It seems as if Grant realized just how silly was a plot involving a 4,000-year-old living mummy, two humans who disguise themselves as the mummy, a secret cult that does elaborate dance numbers to express their worship of the mummy, a dotty archaeologist (Kurt Katch, who played the historical Hulagu Khan, conqueror of Iraq and relative of Genghis and Kublai, in the 1944 Universal film Ali Baba and the 40 Thieves, from which they clearly recycled a lot of sets for this one) whose murder sparks the plot, a sinister femme fatale (Marie Windsor in a performance rivaling that of Lenore Aubert in a similar role in Abbott and Costello Meet Frankenstein) and at least two sets of villains — the cult of the mummy (improbably led by Richard Deacon, who’s best known as the unseen Alan Brady’s assistant Mel on The Dick Van Dyke Show and seems miscast in the part played by George Zucco and John Carradine in the Universal Mummy films this one was parodying) and modern-day baddies after the mummy for its financial value as an artifact. That’s about the size of it: Professor Zoomer (Kurt Katch) is looking for two trustworthy people to ship the sarcophagus containing Klaris the Mummy (Edwin Parker, a stunt person who had doubled for Lon Chaney, Jr. in Universal’s earlier Mummy movies and now got to play the part under his own name), and of course Bud Abbott and Lou Costello show up and interview for the job even though Zoomer has already been murdered — though a tape recording of his voice and his corpse sitting at his desk make Costello think he’s still alive. (Though the closing credits say Abbott plays “Pete Patterson” and Costello plays “Freddie Franklin,” in fact they use their own names throughout the movie, and Costello gets to emit the famous cry, “Hey, Abb-bott!,” that was one of their trademarks on radio.)

There are downsides to Abbott and Costello Meet the Mummy, and one of the big ones is the appearance of the mummy; by 1955 make-up genius Jack P. Pierce had been forced to retire from Universal and his replacement, Bud Westmore (whose brothers Perc and Wally had similar jobs at other studios), wasn’t patient enough painstakingly to wrap the actor playing the mummy in bandages — instead he devised a tunic and a pair of pants that had bandage patterns stenciled on them, and while in one way that makes the film more credible (at least two other characters, Bud Abbott and Charlie — one of the thugs of villainess Madame Rontru [Marie Windsor], played by Michael Ansara, the only genuine Egyptian in the film’s cast — disguise themselves as the mummy, and one of the film’s comic high points comes when all three “mummies” meet on screen), it also hurts in the verisimilitude department. The film also suffers from a lack of any explanation as to how the mummy stayed alive for 4,000 years. In Universal’s first exercise in mummification — 1932’s The Mummy, basically a rehash of Dracula but a superior film thanks to John L. Balderston’s literate script, Karl Freund’s understated direction and first-rate performances by Boris Karloff and the woefully underrated Zita Johann in the leads — the mummy was Imhotep, whose forbidden love for the Princess Ankhsenamon led him to be buried alive, only he was revived by a British archaeologist who did it inadvertently by reading the Scroll of Thoth to him (and while it no doubt doesn’t have the power to revive the dead, the Scroll of Thoth is actually a real surviving work of ancient Egyptian literature); in the later cycle (The Mummy’s Hand with Western star Tom Tyler and The Mummy’s Tomb, The Mummy’s Ghost and The Mummy’s Curse with Lon Chaney, Jr.) the mummy was called Kharis, his forbidden love was the princess Ananka, and he was kept alive with the surviving leaves of a now-extinct plant called tana: a tea brewed from four tana leaves would keep the mummy alive in suspended animation, while a stronger version from nine leaves would enable him to move.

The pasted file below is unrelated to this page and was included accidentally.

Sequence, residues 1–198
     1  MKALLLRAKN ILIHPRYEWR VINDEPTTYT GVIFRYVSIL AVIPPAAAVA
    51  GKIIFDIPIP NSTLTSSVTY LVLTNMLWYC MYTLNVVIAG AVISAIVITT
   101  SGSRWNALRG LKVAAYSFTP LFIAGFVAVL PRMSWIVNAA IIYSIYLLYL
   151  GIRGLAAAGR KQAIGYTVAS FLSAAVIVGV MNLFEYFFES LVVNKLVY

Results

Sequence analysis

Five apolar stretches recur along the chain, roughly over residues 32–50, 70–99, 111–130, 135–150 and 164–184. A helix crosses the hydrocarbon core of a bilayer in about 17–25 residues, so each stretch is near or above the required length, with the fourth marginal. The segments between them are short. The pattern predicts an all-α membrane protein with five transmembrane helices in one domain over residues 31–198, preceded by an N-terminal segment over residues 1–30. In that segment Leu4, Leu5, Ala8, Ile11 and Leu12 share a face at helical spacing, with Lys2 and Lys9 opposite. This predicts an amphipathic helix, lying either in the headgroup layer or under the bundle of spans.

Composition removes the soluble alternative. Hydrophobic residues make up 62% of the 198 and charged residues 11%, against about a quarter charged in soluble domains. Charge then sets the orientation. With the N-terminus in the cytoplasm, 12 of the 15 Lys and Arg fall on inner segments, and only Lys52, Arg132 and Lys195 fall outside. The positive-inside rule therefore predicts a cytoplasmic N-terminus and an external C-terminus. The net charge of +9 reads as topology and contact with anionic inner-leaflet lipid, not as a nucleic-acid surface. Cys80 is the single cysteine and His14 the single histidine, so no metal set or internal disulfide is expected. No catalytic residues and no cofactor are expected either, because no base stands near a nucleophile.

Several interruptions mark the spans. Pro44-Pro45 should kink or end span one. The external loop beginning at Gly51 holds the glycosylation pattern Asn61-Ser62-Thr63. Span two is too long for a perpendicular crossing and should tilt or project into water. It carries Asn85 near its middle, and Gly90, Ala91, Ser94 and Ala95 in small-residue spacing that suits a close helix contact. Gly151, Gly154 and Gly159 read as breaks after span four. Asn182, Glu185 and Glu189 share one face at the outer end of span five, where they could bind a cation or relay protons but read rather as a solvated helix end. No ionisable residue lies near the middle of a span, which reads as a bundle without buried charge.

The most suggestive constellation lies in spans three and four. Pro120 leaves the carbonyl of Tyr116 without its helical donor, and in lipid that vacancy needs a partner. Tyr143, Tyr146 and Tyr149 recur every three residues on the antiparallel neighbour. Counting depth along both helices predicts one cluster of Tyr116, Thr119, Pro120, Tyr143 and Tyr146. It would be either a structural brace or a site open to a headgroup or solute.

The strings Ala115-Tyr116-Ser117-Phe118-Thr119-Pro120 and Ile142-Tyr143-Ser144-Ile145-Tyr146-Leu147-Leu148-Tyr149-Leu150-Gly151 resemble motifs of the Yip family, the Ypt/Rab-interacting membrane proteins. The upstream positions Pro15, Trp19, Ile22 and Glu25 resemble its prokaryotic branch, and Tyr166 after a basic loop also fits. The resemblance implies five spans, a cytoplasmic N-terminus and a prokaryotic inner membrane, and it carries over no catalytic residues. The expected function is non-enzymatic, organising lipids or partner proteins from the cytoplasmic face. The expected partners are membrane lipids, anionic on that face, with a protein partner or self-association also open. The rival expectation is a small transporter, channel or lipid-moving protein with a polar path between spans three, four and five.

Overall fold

In this version the mummy is called Klaris, and though there’s a scene in which Richard Deacon is shown giving the comatose mummy a drink of something-or-other to get him up and running again, there’s no clue what’s in the stuff and you’d have to read back into the earlier movies to think, “Oh, yeah, tana leaves.” The film also runs into the ground the old gag in which Costello sees some horrific sight and calls Abbott, only when Abbott arrives the action has reverted to normal and he thinks Costello is hallucinating. But what’s wrong with Abbott and Costello Meet the Mummy pales by comparison to what’s right with it: the gags may be rather old but they’re still screamingly funny, and the film is full of movable corpses (Dr. Zoomer is one of those movie characters whose body is handled by so many of the other characters he seems to move around more after his death than he did when he was alive), secret passages, trap doors and quite a lot of loony-tunes A&C dialogue, including one sequence in which Abbott tries to explain to Costello that a mummy can be of either gender. “Some mummies are men, some mummies are women,” Abbott says. “Such a strange country,” Costello replies. “Your mummy, your mummy. Wasn’t she a woman?” “I never had a mummy!,” Abbott indignantly insists, to which Costello answers, “Then what did your father do? Win you in a crap game?” There’s also the attraction of singer Peggy King, who turns up in the middle of the floor show at the Café Baghdad in Cairo and sings “You Came a Long Way from St. Louis” for no better reason than she was a star on George Gobel’s TV show and the song was popular at the time (and was hilariously parodied by Allan Sherman, who turned it into a piece about the French Revolution called “You Went the Wrong Way, Old King Louis”).